December 08, 2013
I think I suffer from the only behavioral disorder that does not appear in the Diagnostic and Statistical Manual of the American Psychiatric Association. This is rather odd because the disorder has been known for at least two centuries, ever since the Reverend Thomas Dibdin published his great work in 1809, Bibliomania; or Book-Madness: containing some account of the history, symptom, and cure of this fatal illness.
The symptoms are as follows: The sufferer cannot pass a bookshop, or even an establishment that might have a few books for sale, without entering and buying a book. He spends far more on books than he ought or than his income can bear; he reads books arithmetically but accumulates them geometrically, so that there is a kind of Malthusian crisis in his house that will be solved only after his death, when his widow sells them en masse. (Practically all bibliomaniacs are men.)
For myself, I have a penchant for the obscure and seemingly unremarkable, often (because I am a doctor) with a medical slant. The other day I went into a bric-a-brac shop which had a small cabinet of books and bought a slender volume published in 1857 with the title The Successful Treatment of Scarlet Fever: also, Observations on the Pathology and Treatment of Crowing Inspiration in Infants, by P. Hood, surgeon.
What made the book irresistible to me, though, was the inscription on the title page, written in an elegant hand but with a refractory nib or quill, such that there were little smudges of black ink on the bottom of the book that reminded me of my struggle in childhood with a similarly refractory iron-nibbed pen and watery blue ink that got everywhere, including in my hair. The inscription was Thos. Hayes Jackson M.D., Darlington.
Neither Hood nor Jackson are names famed in medical history; it I their obscurity that interested me. Of Dr. Jackson, though, I was able to find some trace on the Internet, that astonishing tool for both good and evil. He was buried, aged 69, in West Darlington Cemetery, in 1879, followed 23 years later by his widow. 1857, the year of the book’s publication, seems to have been the high tide of his literary and scientific efforts, for in that year he published two letters and a paper in the British Medical Journal, the latter about the illnesses of lead miners of Arkendale and Swaledale (near Darlington), which he describes at the beginning of his paper as “a wild, romantic district, abounding with craggy rocks, wood and water, hill and dale” where “the sublime, the terrific and the magnificent are intimately blended.”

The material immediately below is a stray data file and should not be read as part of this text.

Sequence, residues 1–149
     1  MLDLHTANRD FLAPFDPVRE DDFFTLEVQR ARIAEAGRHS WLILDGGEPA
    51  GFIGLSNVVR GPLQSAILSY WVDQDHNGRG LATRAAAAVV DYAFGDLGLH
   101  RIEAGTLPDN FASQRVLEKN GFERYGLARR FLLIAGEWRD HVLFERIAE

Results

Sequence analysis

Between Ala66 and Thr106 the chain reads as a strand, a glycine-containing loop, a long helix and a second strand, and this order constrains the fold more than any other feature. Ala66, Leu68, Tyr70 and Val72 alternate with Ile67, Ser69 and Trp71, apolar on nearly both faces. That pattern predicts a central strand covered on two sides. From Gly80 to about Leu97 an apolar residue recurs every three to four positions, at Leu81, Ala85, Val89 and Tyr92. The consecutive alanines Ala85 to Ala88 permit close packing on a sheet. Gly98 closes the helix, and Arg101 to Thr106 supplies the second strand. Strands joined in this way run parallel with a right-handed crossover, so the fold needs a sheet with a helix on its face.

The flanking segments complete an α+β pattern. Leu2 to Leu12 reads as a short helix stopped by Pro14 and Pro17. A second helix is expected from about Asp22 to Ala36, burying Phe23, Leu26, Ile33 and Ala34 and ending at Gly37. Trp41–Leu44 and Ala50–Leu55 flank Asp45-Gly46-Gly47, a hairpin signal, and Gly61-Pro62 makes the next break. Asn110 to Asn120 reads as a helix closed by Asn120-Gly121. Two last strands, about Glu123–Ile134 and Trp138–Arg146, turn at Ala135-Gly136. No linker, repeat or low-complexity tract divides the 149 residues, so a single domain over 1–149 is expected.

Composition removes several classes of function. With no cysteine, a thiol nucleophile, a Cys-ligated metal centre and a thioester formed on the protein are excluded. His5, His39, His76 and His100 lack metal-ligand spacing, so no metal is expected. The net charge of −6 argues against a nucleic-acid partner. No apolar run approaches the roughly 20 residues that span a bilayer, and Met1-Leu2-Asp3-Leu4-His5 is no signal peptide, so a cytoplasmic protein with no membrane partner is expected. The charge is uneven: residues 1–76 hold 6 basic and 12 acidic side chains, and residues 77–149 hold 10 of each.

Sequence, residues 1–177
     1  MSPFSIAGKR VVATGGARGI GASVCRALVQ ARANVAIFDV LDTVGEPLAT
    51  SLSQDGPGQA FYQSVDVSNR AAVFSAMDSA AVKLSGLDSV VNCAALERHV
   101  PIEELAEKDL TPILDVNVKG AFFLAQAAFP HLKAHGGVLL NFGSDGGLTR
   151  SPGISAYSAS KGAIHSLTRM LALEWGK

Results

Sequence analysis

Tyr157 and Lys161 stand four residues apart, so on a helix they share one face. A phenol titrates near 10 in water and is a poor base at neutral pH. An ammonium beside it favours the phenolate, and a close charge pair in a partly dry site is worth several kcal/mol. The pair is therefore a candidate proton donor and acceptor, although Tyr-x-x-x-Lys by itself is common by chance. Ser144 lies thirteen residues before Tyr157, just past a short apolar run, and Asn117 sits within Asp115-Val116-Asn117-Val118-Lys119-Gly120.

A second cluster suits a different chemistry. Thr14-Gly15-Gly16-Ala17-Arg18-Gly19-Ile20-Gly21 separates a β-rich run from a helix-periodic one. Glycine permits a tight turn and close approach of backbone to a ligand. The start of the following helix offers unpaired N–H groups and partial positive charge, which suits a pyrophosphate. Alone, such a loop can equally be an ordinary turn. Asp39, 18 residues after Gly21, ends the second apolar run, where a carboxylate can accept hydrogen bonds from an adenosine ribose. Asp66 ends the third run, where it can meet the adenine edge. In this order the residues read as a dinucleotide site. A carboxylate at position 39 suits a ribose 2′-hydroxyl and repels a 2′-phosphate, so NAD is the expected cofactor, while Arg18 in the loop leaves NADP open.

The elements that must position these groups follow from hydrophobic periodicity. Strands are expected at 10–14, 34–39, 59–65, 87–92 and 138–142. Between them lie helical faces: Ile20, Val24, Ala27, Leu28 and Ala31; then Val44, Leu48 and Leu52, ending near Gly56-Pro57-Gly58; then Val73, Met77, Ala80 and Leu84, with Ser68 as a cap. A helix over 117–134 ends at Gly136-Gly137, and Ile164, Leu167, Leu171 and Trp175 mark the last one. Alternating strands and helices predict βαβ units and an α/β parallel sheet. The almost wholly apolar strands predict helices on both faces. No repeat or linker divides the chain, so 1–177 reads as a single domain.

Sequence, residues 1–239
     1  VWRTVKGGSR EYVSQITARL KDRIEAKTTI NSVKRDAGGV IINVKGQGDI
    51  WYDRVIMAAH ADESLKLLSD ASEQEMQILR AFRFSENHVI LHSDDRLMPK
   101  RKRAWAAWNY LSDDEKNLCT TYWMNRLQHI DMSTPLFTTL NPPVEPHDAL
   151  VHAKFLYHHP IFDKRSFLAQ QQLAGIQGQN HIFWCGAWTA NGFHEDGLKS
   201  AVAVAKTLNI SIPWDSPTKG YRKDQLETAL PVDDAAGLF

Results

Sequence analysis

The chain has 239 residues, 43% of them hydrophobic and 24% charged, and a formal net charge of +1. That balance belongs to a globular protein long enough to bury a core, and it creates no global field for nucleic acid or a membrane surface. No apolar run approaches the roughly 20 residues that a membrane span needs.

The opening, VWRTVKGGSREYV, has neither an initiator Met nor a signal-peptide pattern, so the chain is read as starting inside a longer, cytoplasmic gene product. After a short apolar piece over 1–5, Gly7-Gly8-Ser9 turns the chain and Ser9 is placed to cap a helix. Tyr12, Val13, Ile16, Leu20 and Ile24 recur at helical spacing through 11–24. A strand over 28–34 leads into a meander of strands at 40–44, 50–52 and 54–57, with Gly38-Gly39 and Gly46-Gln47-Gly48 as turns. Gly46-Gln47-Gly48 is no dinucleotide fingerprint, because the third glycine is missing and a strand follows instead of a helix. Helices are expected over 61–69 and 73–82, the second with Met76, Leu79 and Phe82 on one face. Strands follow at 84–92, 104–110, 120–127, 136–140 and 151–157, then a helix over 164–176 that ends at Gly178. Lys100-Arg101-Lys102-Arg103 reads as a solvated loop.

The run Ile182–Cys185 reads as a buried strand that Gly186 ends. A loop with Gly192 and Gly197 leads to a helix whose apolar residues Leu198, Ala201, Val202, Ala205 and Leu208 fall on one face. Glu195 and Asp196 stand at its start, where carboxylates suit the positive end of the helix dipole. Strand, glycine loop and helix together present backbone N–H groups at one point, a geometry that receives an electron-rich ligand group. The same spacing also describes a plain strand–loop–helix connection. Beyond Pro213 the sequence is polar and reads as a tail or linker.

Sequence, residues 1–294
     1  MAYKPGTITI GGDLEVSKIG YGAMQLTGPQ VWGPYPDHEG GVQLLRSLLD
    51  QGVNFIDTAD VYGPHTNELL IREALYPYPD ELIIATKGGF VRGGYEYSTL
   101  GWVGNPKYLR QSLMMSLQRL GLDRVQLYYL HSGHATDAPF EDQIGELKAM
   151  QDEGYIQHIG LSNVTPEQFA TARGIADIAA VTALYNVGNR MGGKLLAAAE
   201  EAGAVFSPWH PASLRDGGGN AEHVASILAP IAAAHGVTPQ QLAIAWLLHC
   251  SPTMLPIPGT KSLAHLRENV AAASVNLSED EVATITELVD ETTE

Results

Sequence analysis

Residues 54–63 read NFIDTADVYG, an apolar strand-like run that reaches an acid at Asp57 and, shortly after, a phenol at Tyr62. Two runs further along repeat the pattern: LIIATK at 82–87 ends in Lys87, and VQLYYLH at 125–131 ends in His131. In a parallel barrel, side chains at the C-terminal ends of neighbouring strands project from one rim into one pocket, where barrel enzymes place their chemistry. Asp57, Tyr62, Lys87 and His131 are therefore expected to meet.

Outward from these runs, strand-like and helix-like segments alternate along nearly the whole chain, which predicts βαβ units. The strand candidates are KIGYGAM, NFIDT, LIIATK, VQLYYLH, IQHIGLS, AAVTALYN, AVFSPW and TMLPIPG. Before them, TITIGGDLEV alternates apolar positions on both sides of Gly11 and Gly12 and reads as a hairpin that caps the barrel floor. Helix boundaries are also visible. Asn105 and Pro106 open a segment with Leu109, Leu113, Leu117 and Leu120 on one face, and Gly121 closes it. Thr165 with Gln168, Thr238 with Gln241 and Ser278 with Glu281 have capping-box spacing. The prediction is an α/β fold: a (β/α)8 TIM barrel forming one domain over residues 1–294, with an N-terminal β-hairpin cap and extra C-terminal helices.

The life of the miners, though, was less than sublime. They were “an industrious, sober, intelligent class of people,” but they were poor and did not live long because of lung diseases consequent upon mining, such that their average life expectancy was only forty-five or fifty. This, however, was ten years more than the lead smelters. So poor were they all that when they died of illness or accident, their families had no choice but entry into the workhouse. Because of the lead from the washings from the mine, “fish cannot exist in the rills or rivulets” near them, though they are abundant elsewhere in the district. Dr. Jackson’s humanity shines through his report.
His oldest son, whom I was able to trace, was Thomas James Jackson, who died on December 9, 1916, aged 74, in Constantinople, where he had been “held,” presumably as an enemy alien, since July 1914. He had obviously lived long in Turkey, for on February 6, 1883, he had married at Trebizond a Stephanie Eugenie Angelique, eldest daughter of the Chevalier de Herzfeld, Austro-Hungarian consul-general and former counselor to “the late Maximilian, Emperor of Mexico.” In these very few details of the life of the oldest son of Thomas Hayes Jackson, M.D., of Darlington, we see reflected the tragedy of the complete smash-up of Europe in 1914, whose centenary we are about to “celebrate.”